If you're interested in doing research on a musical, the New York Public Library for the Performing Arts has an embarrassment of riches. To find all the information we have, you may have to look in many different places. Of course, your first move should be to consult with the knowledgeable staff at the 2nd Floor Drama Desk, who'll be able to guide your research.
As a way of providing a guide to doing research in general, I'll take a case in point, one of the great musicals, which NYPL has covered from every angle; John Kander and Fred Ebb's 1966 masterpiece, Cabaret. You should always make sure to have the basics covered first. In NYPL's circulating collections you'll find the original cast recording, and other major recordings, the DVD of the Oscar-winning film version, and the published script, Cabaret: The Illustrated Book and Lyrics.
There are also plenty of books where you can read about Cabaret, like Open a New Window: The Broadway Musical in the 1960s (Mordden, 2001), Colored Lights: Forty Years of Words and Music, Show Biz, Collaboration and All That Jazz (Kander, Ebb, 2003) and The Making of Cabaret (Garebian, 2011).
Once you're familiar with the basics, you may wish to delve deeper into primary sources. I'm an archivist, so my main focus will be on archival collections. Also, you can start this part of your research from home. The best way to search just archival collections in the catalog is with this search tool.
From your search results, you can peruse the finding aids of these collections (From the "Location" tab on the catalog record you can find out if the collection is stored on or off-site—this is very important, because off-site materials must be requested in advance of your visit to the library.) Here are some archival collections we have relating to Cabaret, several of which I was fortunate enough to process myself:
Jack Gilford, Jill Haworth, John Kander, Fred Ebb and Joel Grey during rehearsal for Cabaret,
For information on the process of creating the text of a musical, your best bet is looking at the papers of one of the authors. For Cabaret, we have the papers of the lyricist of, Fred Ebb. Materials on Cabaret in the Ebb Papers include: scrapbooks on all major productions and the film adaptation; scripts, including early drafts with different songs and annotated drafts with notes on revisions and blocking for the original production; the bound conductor score and piano/vocal scores and published sheet music for individual songs (including several cut songs).
As director and producer of the original production of Cabaret, Prince has different types of material than Ebb. Prince's production files on Cabaret focus more on casting and producing. There are folders of head-shots and resumes for the entire ensemble and replacement casts.You can also expect to find contracts, royalty statements and box office ledgers. And there's plenty of information on the national tour and foreign productions as well.
Joel Grey originated the leading male role of the Master of Ceremonies, toured the country in the show, and subsequently reprised the role for the film version and a 1987 revival. His papers are chock full of Cabaret stuff, and they can teach us about the show from an actor's point of view. They include contact sheets, casting files, contracts, costume plots, photographs, publicity files, scripts and a wonderful souvenir gift, a memento key (labeled "Ze Key," in tribute to a lyric from the show) given to Grey by his "Two Ladies" co-stars when he left the show.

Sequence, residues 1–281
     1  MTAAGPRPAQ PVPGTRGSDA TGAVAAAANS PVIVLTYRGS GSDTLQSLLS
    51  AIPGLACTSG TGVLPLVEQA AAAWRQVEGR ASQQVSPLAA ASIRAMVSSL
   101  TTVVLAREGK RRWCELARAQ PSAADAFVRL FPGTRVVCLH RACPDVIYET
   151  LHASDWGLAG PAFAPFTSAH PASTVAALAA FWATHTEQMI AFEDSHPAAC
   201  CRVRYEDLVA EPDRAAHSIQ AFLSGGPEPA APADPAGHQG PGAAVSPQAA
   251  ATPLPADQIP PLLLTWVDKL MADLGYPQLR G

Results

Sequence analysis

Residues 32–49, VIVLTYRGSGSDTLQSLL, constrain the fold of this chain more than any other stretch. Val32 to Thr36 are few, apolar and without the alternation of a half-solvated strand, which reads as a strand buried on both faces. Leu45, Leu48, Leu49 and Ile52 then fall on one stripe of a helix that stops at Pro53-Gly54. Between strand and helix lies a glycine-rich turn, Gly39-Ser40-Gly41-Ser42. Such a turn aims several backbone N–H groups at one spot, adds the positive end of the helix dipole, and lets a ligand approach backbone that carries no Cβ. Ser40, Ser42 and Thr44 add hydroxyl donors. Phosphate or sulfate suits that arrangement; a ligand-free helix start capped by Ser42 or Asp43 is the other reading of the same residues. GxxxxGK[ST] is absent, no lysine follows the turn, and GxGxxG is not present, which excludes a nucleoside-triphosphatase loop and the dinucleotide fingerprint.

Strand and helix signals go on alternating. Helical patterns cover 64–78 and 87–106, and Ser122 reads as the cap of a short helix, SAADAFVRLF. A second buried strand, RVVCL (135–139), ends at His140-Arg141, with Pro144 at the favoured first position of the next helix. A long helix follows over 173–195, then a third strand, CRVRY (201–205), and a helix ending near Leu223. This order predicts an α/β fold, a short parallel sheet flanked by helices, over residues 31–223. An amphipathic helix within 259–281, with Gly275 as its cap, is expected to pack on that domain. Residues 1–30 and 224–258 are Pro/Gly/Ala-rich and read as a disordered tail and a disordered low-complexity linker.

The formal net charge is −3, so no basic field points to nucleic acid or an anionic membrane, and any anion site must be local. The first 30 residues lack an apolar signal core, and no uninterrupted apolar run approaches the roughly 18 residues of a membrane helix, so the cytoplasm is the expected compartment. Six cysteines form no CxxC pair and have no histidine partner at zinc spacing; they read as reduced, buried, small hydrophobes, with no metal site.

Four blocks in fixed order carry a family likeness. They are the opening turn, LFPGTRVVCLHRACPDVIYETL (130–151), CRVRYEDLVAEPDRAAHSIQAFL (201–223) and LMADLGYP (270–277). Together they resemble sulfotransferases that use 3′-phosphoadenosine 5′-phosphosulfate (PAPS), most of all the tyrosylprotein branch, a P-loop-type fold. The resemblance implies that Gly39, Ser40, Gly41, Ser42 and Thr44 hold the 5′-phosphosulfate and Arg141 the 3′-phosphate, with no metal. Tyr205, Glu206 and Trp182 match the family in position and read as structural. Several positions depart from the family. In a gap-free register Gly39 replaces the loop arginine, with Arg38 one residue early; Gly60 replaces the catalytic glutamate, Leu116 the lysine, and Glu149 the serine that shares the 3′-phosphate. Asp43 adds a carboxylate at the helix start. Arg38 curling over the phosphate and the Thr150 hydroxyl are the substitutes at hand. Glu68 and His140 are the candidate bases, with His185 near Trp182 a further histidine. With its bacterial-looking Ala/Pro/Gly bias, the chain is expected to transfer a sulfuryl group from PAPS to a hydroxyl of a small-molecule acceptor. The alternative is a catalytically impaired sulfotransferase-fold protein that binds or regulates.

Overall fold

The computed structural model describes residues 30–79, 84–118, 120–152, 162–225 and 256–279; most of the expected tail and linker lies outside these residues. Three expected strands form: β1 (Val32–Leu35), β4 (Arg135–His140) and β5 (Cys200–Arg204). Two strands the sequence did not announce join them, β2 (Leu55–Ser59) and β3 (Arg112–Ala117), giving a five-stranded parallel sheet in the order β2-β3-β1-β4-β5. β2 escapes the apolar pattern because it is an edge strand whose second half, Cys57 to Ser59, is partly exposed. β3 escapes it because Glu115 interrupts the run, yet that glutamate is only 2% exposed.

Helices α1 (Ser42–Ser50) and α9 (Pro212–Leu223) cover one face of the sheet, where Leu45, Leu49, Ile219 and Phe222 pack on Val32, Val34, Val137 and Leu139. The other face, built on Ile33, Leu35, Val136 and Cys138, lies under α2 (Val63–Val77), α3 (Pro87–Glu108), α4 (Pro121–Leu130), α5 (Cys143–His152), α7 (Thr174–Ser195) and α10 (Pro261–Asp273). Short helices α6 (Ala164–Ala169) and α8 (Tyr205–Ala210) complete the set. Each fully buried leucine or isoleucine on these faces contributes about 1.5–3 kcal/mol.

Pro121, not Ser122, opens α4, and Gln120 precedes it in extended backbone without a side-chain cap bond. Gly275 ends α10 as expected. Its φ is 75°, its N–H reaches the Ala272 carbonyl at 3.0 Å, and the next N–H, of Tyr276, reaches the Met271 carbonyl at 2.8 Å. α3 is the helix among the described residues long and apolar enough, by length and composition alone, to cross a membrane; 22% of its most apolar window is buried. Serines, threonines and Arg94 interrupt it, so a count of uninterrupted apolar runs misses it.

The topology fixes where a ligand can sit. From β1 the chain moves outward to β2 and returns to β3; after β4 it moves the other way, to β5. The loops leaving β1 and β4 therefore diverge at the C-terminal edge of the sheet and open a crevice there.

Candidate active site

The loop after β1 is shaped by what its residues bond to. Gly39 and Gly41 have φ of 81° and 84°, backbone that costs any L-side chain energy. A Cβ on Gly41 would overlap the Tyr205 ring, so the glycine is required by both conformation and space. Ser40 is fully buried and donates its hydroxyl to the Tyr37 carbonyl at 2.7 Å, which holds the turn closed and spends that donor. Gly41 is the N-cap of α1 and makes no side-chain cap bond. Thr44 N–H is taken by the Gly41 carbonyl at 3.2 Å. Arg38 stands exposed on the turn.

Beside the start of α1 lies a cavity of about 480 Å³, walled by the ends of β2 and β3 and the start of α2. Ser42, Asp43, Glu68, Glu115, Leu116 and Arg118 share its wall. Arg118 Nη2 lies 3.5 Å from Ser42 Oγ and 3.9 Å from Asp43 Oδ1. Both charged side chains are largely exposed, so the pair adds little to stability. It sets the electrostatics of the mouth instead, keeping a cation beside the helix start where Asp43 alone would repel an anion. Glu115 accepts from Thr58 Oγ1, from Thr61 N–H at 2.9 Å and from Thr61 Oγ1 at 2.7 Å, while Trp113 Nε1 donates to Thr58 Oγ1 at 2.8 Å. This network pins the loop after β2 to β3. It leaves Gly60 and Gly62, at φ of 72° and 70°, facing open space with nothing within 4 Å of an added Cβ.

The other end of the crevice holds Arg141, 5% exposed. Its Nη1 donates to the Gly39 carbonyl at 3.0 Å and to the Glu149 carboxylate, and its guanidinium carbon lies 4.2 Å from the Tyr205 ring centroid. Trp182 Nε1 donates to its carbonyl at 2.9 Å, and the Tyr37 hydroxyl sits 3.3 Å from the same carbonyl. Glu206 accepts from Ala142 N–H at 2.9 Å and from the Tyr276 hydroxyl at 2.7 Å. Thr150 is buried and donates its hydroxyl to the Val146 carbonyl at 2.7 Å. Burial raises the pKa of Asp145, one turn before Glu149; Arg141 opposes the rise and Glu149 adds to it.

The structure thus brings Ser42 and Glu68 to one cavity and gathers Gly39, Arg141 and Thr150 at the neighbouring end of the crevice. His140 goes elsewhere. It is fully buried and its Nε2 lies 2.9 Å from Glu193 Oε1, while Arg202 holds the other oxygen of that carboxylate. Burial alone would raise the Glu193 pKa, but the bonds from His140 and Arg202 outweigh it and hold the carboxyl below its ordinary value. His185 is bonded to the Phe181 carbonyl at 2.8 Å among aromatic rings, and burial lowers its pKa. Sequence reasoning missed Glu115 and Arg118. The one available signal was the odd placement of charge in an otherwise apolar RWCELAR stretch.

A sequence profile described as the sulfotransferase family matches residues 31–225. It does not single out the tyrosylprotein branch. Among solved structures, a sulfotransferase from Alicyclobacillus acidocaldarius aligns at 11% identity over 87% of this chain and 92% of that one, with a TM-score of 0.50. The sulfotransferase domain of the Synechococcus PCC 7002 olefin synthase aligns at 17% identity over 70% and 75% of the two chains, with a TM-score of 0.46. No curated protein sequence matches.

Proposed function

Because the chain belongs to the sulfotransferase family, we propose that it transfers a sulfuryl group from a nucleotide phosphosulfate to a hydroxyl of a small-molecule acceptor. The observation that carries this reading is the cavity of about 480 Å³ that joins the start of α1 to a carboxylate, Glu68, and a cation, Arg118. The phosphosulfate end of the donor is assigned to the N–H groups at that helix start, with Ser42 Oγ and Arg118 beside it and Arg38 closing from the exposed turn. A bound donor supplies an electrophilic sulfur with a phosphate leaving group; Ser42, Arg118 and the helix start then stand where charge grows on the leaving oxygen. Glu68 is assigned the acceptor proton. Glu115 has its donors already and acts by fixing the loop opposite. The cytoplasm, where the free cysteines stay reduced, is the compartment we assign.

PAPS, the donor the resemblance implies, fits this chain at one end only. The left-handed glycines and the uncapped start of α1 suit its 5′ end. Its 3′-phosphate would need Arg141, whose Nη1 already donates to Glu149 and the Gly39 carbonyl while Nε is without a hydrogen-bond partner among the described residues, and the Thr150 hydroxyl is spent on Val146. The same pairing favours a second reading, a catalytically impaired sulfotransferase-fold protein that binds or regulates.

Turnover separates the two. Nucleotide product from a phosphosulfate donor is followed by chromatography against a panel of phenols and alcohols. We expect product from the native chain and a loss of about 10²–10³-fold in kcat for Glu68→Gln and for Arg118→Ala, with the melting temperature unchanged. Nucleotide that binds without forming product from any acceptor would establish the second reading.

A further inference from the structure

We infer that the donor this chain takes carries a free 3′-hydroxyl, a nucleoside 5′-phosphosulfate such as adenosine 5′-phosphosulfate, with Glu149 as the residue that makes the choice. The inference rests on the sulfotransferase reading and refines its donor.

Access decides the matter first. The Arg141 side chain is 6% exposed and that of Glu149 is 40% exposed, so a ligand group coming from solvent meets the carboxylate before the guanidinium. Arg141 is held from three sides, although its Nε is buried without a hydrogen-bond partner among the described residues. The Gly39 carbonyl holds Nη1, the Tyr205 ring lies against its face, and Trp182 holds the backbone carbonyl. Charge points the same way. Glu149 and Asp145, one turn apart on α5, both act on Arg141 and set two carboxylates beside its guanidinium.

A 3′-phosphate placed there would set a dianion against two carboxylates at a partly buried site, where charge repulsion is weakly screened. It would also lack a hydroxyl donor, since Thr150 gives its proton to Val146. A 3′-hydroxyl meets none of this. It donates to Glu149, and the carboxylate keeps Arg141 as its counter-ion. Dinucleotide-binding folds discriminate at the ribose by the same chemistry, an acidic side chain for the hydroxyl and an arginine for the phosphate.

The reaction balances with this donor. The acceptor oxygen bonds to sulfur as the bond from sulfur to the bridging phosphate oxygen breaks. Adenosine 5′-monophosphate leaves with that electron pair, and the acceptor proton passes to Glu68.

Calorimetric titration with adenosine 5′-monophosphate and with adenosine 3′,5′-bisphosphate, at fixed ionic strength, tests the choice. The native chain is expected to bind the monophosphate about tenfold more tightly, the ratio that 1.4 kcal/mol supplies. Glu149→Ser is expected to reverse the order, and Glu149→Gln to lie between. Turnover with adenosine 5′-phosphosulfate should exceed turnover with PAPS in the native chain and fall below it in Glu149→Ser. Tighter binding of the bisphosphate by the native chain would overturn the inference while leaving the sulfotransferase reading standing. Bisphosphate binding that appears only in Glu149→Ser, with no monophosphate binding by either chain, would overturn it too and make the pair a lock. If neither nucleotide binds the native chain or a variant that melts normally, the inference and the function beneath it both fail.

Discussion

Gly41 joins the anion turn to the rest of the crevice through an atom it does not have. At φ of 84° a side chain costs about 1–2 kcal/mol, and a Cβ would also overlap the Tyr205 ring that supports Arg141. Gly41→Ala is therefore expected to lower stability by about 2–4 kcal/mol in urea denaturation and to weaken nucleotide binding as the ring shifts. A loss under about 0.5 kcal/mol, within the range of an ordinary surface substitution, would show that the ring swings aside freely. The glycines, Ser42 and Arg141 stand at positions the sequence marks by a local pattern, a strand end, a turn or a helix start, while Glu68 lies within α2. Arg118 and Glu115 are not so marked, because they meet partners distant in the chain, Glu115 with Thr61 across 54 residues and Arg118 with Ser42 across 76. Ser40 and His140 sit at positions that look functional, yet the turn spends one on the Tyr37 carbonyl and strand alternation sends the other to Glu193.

Hal Prince's frequent stage manager, assistant director and assistant, Ruth Mitchell has something else to offer in her papers. Acting as both a producer and as the production stage Manager on the original Cabaret and as Prince's Assistant Director on the 1987 Broadway revival, Mitchell's papers have agreements, costume, hair and prop photographs, correspondence, clippings, cast lists, schedules, and scrapbooks. Most importantly, Mitchell's papers contain her stage manager scripts with blocking cues, one of the single most valuable aids to understanding Prince's staging.
The legendary scenic designer Boris Aronson's papers and designs also have a lot to offer. As the designer of the original production, his collection includes research photos from the 1920s and 1930s and photographs of a model set. And best of all, there are designs, elevations, and model pieces from the famous set.
Cabaret's original costume designer Patricia Zipprodt's papers and designs also have a lot of materials on Cabaret, such as correspondence, contracts, clippings, and photographs. The most unique materials in her papers are her original costume design sketches, with fabric swatches.
A key element to any theatre research will always be photographs. As I mentioned in my descriptions of the archival collections mentioned above, many of them contain various photographs of Cabaret. But for the most comprehensive look at any show, you should consult the photograph files. The only way to search and request these is through the physical card catalog, located on the 2nd Floor of LPA. When you search the alphabetical sequence of titles, you'll find cards representing folders of photographs of multiple productions of Cabaret. (The Clippings files are also accessible by card catalog only.)
Now that you've read and seen practically everything concerned with Cabaret, the only thing left is to see the show itself. If you're a qualified researcher, you can do this at the Theatre on Film and Tape collection! (The Archive is available to theatre professionals, students, or researchers with work or study-related reasons for viewing.) A recording of the 1987 revival of Cabaret with Joel Grey, filmed at the Minskoff Theatre on May 31, 1988 and a recording of the 1998 revival with Alan Cumming and Natasha Richardson, filmed at the Kit Kat Club, on July 1, 1998 are both available.
Good luck with your research!